We have plans to keep one of the girls from Doris’s litter because we have now sold Doris to another breeder. By keeping one of her litter we can continue to breed that female line – Princess – in the future. Most of the other piglets from these litters will be kept here and raised for meat in due course.

Some have a special role to play and will be going to out on loan a temporary new home for a few weeks. However that may change depending on circumstances so I’ll share more on that at a later date.

An excellent day at the Northumberland County Show

We took 3 of our Tamworth pigs to the Northumberland show with each one entered into a different class by age. The main reasoning being that if we entered enough classes then surely we’d at least win something for our efforts

Elsie, Doris and Beryl all behaved impeccably especially during the judging. It was 1st place rosettes for all of them

And to top it all off, the youngest (Beryl) was named as the Reserve Traditional Breed Champion which isn’t bad for less than 5 months old

After our unexpected success at the last show in 2019 I wasn’t sure that we would do quite so well this time around but we enjoyed the event just as much anyway. Looking back on the whole day, I don’t think we could have had a better time all things considered and the pigs were suitably relaxed despite having no previous show experience

A rewarding day at Northumberland County Show 2022

Tamworth piglets head off to good homes

Over the course of the last few weeks most of the piglets from the current litters have all headed off to their new homes. We are keeping a few from each litter to raise for meat ourselves but it’s always nice to see the others head off in many different directions

From Elsie’s litter of 9 piglets we had 2 gilts that headed off to Middleham in Yorkshire and 2 boars travelled a much shorter distance, maybe a 5 minute drive across to the other side of the East Allen Valley. That same litter also yielded a couple of good gilts that were pedigree registered to continue the Jacqueline blood line. One of these we sold on to another Tamworth breeder in the Scottish Borders but we’ve kept the other one for ourselves and named her Beryl.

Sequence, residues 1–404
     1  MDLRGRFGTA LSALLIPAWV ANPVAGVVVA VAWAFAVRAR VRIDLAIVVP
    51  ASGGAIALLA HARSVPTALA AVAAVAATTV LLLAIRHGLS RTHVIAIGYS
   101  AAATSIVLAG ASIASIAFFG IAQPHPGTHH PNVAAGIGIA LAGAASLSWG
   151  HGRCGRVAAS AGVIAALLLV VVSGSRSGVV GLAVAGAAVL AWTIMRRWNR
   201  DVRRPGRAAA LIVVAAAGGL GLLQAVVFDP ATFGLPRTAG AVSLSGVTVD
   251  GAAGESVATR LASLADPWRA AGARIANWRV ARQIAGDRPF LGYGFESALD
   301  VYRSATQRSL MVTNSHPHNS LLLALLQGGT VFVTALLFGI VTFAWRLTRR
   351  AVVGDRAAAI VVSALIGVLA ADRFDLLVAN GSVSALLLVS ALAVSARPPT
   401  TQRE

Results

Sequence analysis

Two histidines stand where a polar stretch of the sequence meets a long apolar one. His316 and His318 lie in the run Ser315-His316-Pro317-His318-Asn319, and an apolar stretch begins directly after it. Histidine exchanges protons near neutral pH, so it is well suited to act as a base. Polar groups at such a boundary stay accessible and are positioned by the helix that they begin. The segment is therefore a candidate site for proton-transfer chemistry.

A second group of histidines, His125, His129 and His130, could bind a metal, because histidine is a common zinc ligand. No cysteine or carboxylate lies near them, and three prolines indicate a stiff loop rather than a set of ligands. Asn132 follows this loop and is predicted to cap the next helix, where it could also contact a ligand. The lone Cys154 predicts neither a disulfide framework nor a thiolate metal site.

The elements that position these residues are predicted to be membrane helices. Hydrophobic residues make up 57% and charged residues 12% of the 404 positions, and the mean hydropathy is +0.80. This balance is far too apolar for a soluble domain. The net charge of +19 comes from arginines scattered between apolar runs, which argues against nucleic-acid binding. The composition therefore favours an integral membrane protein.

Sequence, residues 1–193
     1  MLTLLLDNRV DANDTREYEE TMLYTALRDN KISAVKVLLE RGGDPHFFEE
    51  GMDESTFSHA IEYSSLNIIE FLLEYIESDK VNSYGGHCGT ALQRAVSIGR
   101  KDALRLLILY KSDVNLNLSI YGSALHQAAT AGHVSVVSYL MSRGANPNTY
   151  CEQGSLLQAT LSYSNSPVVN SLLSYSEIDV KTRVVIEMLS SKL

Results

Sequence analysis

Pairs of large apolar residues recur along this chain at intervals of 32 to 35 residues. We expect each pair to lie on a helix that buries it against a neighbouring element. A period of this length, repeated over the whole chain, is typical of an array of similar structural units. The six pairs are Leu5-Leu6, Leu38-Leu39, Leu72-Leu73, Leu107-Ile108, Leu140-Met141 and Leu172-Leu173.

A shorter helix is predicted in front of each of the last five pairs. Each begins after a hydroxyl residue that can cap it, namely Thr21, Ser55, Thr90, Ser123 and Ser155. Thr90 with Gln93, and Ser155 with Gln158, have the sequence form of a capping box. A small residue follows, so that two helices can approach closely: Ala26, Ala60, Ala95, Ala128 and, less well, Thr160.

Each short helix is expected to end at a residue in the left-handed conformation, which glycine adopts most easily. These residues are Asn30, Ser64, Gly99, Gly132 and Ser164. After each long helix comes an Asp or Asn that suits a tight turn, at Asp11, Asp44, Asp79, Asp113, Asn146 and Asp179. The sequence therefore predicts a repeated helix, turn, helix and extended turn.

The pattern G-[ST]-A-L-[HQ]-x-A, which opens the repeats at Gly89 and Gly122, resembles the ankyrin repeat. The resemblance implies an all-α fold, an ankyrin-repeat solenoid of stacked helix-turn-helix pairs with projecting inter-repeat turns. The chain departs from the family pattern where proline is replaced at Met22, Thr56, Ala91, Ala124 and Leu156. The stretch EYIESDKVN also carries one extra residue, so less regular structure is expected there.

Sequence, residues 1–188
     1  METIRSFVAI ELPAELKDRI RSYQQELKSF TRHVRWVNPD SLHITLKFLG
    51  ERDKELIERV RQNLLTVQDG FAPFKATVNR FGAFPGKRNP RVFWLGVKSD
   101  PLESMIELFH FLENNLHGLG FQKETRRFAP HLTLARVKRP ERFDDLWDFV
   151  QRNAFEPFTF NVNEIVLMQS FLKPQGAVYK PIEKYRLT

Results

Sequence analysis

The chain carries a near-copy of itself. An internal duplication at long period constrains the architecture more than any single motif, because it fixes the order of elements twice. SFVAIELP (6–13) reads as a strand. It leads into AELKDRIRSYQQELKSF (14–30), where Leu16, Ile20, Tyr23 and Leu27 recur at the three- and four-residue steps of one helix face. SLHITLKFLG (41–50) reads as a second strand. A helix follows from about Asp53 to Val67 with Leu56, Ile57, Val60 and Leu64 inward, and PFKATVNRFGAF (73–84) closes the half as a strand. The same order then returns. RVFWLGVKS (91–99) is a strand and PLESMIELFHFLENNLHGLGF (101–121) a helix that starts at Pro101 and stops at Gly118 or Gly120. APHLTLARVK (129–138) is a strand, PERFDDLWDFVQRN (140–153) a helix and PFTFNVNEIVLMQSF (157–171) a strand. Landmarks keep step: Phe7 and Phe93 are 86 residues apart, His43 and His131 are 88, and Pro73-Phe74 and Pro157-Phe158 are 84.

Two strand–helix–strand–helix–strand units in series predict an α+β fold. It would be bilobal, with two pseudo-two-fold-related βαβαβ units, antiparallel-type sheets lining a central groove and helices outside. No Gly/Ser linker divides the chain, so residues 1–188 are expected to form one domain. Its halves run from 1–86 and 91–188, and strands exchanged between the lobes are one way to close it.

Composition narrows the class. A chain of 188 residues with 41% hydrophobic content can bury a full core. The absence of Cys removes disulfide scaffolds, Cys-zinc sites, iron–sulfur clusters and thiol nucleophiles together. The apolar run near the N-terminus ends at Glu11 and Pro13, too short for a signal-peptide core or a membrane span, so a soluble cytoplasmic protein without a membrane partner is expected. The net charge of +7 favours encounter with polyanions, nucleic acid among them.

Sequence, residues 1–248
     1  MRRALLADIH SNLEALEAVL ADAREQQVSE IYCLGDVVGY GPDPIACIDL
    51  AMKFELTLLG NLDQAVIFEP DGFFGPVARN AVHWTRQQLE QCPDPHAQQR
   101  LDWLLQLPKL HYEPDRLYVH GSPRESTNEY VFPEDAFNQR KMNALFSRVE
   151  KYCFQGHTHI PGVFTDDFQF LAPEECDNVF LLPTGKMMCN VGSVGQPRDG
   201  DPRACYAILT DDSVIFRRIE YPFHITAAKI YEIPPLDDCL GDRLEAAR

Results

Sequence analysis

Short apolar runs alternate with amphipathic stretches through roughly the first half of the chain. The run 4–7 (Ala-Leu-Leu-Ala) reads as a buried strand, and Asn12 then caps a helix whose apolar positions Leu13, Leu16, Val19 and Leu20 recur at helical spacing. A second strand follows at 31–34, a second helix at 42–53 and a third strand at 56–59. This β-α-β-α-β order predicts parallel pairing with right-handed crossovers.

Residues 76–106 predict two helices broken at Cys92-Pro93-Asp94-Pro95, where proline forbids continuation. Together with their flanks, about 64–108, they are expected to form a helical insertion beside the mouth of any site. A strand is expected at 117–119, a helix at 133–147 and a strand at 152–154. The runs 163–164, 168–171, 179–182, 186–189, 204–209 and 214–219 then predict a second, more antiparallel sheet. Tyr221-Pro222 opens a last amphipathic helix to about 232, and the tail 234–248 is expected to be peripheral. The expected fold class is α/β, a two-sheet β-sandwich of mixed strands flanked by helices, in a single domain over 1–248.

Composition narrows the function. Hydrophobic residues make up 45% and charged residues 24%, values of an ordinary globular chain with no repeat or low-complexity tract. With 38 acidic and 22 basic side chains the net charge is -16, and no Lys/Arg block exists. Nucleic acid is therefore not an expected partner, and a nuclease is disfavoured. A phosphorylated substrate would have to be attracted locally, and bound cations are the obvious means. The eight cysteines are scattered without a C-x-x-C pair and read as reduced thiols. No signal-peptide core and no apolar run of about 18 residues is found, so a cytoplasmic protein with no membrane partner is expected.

The rest of that litter will be meat pigs for our pork boxes in due course and should be heading off to the butcher later this summer. More news on that as we get closer to the time.

Doris and her litter

With Esther having a litter of 3 and Doris having a litter of 5 within a similar period, it made sense to combine them as they grew to weaning age. The 2 boars from Esther’s litter eventually headed off to Appleby in Cumbria and the 3 boars from Doris’s litter were selected to keep as our own meat pigs.

One gilt from Doris’s litter also headed up to the Scottish Borders with the gilt from Elsie’s litter which left just 2 gilts (1 from Doris and 1 from Esther). These 2 headed off to a new home just a little way west from us to Greenhead at the far western edge of Northumberland

First time litter for Doris

Each time we have a pig farrowing we prefer to bring her into the farrowing shed near the house so we can more easily monitor them while also providing a comfortable home for the new litter while they get going.

Somehow we managed to miss the pre-farrowing signs with Doris and so she farrowed out in her woodland pen on Sun 27 Feb. Quite a surprise for us but she didn’t seem to be bothered even as a first timer!

At the time she was sharing that pen with a couple of others so we moved her friends out to another pen soon after which meant the new family could have the whole space to themselves.

A slightly smaller litter than average but she had 3 boars and 2 gilts so I was happy enough with that. They had a good start in life and enjoyed the huge wooded space all to themselves